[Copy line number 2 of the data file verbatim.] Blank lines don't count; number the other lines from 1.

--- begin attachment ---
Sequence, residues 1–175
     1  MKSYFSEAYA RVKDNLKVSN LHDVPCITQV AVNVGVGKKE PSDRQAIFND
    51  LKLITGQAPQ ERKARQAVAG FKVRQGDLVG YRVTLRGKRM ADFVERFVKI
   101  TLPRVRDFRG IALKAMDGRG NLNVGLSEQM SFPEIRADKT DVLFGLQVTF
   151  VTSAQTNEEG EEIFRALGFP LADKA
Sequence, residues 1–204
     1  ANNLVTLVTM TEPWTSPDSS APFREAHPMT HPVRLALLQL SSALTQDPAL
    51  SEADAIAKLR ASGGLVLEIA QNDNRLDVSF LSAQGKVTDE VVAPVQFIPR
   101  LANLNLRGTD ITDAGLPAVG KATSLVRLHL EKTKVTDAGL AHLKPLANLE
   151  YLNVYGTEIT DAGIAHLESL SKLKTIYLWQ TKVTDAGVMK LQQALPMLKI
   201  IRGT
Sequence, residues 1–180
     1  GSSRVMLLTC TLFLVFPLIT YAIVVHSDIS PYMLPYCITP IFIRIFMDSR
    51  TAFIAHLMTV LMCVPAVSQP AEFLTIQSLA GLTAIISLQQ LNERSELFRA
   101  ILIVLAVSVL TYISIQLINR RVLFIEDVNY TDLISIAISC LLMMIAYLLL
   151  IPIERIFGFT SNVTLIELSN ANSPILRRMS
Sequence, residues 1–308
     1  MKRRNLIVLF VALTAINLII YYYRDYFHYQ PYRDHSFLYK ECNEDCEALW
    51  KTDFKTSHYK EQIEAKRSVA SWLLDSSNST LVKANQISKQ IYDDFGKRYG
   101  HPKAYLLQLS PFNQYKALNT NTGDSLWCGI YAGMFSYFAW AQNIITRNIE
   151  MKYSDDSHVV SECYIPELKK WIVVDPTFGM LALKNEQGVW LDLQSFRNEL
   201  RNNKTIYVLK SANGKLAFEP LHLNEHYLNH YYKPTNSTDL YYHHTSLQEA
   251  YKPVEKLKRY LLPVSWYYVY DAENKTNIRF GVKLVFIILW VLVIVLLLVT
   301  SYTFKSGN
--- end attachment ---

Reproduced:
     1  MKSYFSEAYA RVKDNLKVSN LHDVPCITQV AVNVGVGKKE PSDRQAIFND